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DEAR JOAN: I was looking for some information on the nocturnal habits of Canada geese and found your column on where geese go at night.
I was wondering more about their nighttime conversation. I have a pond near my house and recently the irrigation district decided to put a fence around the pond. Mostly, the communication sounded happy and l thoroughly enjoyed hearing them talk through the night. Now the geese are almost silent.
They are still at the pond. What happened?
Mary Bouman, Bay Area
DEAR MARY: Canada geese are among the most vocal of birds, honking at each other at every opportunity, even in flight.
When geese turn in for the night, they like to find a good-sized pond on which to roost. That keeps them safe from most predators that either don’t want to go into the water, or would make a lot of noise attempting to get to them, giving the flock the opportunity to escape into the sky.
As they settle in, there’s a lot to talk about, and depending upon the season, a lot to squawk about. Over-protective males honk at other ganders that get too close to their mates. Older geese often will chide younger ones about their mothering skills and will sometimes take over flocks of goslings, if they think the parents aren’t taking good care of them. And of course, the goslings talk a lot, seeking the attention of their parents and siblings.
Although the geese have found what they believe to be a safe roosting spot, they continue to have guards about to sound warnings, and the geese tend to be a little honk happy, alarming at the slightest provocation.
While we might consider that the geese are unhappy about the fence and have gone silent out of depression or petulance, it might be that the geese recognize the fence is giving them more protection and thus have less to honk about.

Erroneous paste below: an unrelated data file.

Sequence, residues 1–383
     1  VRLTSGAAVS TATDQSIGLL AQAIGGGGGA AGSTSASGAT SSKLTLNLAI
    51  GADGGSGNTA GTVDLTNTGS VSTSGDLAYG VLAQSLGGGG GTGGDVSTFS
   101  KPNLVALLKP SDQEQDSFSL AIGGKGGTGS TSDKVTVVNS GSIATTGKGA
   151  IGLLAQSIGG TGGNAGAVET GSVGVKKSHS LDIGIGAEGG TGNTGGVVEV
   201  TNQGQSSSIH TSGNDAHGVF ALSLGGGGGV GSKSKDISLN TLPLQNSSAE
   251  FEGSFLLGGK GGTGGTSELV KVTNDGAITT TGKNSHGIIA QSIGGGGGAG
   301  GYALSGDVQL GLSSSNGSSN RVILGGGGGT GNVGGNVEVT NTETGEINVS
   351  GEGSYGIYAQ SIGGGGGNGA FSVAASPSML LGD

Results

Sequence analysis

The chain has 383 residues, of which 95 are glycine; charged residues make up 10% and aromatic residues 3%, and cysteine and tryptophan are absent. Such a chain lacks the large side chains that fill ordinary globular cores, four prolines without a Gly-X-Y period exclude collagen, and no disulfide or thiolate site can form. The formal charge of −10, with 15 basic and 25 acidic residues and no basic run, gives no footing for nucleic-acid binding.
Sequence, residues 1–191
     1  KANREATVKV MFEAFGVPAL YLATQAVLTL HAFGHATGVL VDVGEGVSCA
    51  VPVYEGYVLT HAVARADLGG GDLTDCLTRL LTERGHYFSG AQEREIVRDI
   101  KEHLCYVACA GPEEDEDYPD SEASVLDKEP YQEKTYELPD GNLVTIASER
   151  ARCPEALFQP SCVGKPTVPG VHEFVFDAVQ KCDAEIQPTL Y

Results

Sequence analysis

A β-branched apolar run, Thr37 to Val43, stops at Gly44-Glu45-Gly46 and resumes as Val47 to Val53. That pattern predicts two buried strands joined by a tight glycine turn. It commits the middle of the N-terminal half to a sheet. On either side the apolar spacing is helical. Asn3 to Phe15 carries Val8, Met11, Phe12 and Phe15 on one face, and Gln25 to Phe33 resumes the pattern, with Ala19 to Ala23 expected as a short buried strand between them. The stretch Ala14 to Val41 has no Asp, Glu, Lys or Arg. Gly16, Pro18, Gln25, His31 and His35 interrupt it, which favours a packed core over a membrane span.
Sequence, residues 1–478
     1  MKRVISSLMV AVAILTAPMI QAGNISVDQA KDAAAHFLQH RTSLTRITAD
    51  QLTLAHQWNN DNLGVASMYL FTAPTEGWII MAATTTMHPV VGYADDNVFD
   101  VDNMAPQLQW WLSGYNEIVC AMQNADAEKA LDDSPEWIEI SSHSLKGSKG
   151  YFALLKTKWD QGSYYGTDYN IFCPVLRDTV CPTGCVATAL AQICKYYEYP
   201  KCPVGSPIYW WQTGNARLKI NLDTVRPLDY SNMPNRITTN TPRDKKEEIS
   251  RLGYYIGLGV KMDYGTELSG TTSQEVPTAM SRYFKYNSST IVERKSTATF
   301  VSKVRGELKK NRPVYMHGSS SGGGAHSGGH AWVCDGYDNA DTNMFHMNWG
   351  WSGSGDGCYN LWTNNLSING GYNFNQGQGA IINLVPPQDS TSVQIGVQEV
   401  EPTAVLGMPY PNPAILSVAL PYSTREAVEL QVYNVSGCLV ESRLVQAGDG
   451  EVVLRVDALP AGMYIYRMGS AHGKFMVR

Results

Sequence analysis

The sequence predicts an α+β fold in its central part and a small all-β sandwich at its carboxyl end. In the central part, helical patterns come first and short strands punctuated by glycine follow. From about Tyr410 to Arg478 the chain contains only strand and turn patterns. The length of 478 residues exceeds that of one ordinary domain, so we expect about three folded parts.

As we move into nesting season, the conversation should pick up.
DEAR JOAN: Our beloved bichon frise died in November. We are beyond heartbroken, we loved him so. Having said that, the house is really, really empty without a dog and we are looking to adopt a rescue.
A young adult small poodle, bichon or mixed breed of that type, hopefully already house trained. If you can give me any tips about where to look it would be great.
Jackee, Bay Area
DEAR JACKEE: I am so sorry about your loss. Losing a pet is difficult and painful, but I’m glad you’re willing to open your heart to a new pet.
The best way to find your new dog is to visit animal shelters and rescue groups, and meet the dogs. You can do some research ahead of time by going to the online websites of the groups closest to you and checking out the pets they have available. Those might not be the most up-to-date, but if you find a dog that grabs at your heart strings, you can email or call to check on availability.
By meeting the dogs in person, you’ll get a better idea of the animal’s personality, and by talking to the people who’ve been caring for the dogs, you’ll know about certain quirks and house-training status.
Keep an open mind. Your dog was unique and you’ll never find another just like him, but there are other wonderful dogs just waiting for you.
Why have the chatty geese stopped talking so much?